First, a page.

Access to health care and psychosocial services should not be a privilege but a right for any person regardless of his/her ability to pay. Partners in Health (PIH) is committed to improving the health of the poor and the marginalized. Working in partnership with local governments, PIH is working in 12 countries delivering high-quality, comprehensive health care that saves lives while strengthening health systems, addressing the root causes of illness and advocating for global policy change. PIH has been successfully challenging skeptics who claim that high-quality healthcare is impossible to deliver in resource-poor areas.
For over 20 years, PIH has challenged assumptions of what is acceptable and pushed the boundaries of what is possible in global health by successfully tackling diseases and conditions others deemed too expensive and complicated to treat in poor communities. We give voice to marginalized people who demand their right to health care. Together with many partners, PIH is building a movement for health and social justice.
PIH provides healthcare for the inhabitants of impoverished communties in the countries that we work in: Haiti, Rwanda, Peru, Lesotho, Malawi, Russia, Guatemala, United States (Boston), Mexico, Dominican Republic, Kazakhstan, Burundi . Though we often focus our attention on specific campaigns such as maternal and pediatric health, we consistently treat the destitute sick, often inflicted with diseases and conditions that are common and lethal to the poor, even though they are relatively rare and routinely treatable for the privileged.
In total, PIH implements programs in twelve countries: Haiti, Peru, Mexico, Dominican Republic, Guatemala, Russia, Kazakhstan, Rwanda, Lesotho, Malawi, Burundi, and inner-city Boston, all supported by a headquarters staff of 167 and a worldwide staff of roughly 13,000, including 7,500 paid community health workers. This year, PIH will bring high-quality care to roughly 2.46 million people worldwide, with 30,000 patients currently receiving HIV or TB treatment.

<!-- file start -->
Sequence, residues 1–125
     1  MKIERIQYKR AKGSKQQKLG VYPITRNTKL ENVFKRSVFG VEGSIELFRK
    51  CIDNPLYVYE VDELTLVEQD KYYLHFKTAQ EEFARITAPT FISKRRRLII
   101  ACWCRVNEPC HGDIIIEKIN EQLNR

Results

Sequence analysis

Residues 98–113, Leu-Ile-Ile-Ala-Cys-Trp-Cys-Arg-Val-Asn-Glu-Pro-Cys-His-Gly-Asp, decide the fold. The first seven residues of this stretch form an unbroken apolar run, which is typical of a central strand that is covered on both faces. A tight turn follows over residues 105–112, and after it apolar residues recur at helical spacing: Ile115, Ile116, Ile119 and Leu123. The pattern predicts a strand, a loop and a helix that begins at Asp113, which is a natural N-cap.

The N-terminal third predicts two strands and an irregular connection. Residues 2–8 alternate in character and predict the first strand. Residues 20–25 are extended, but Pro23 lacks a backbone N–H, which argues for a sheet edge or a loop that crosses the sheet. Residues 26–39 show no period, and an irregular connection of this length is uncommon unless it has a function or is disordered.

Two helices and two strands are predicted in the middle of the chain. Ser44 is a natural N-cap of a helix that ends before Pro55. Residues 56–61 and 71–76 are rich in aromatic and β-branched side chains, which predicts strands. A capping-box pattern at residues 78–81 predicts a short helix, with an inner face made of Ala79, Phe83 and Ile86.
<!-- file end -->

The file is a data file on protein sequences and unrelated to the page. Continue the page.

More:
The public health systems in the countries where we work are the most powerful means of providing rights-based health care to patients through public health systems operated by Ministries of Health (MOH). Therefore, rather than creating private, parallel service delivery systems that drain resources away from the public sector, we work closely with governments to strengthen public health systems and ensure that our efforts are part of a larger movement to provide publically-funded care. Known as Health System Strengthening, this aspect of PIH’s work means that we build local capacity and create long-term solutions to the health problems of the poor we serve. We intend for our programs to serve as a model for raising the standard of medical care in poor countries, for achieving sustainable improvements in health systems, and for lifting entire communities out of poverty.
A vital public sector is the best way to bring health care to the poor. While nongovernmental organizations have a valuable role to play in developing new approaches to treating disease, successful models must be implemented and expanded through the public sector to assure universal and sustained access. Rather than establish parallel systems, PIH works to strengthen and complement existing public health infrastructure.
For over 20 years, PIH has challenged assumptions of what is acceptable and pushed the boundaries of what is possible in global health by successfully tackling diseases and conditions others deemed too expensive and complicated to treat in poor communities. We give voice to marginalized people who demand their right to health care. Together with many partners, PIH is building a movement for health and social justice. By leveraging the benefits of modern medical science and the leadership, skills and experience of our patients, local governments and other partners, we strive for a world with equity in health care, and for communities with zero preventable – stupid – deaths.
Source of funding
The world is focused as never before on averting millions of preventable deaths among poor people living in the developing world. For the first time, substantial funding is available to treat infectious diseases in impoverished settings. Funding alone, though, won’t be enough. For this massive investment to make a real impact on the twin epidemics of poverty and disease, a comprehensive and community-based approach is key. We aim to maintain the makeup of 25% Corporate & Foundation revenue, 25% Government & Multilateral, and 50% Individual donations in the coming years, with steady growth to support our increasing needs.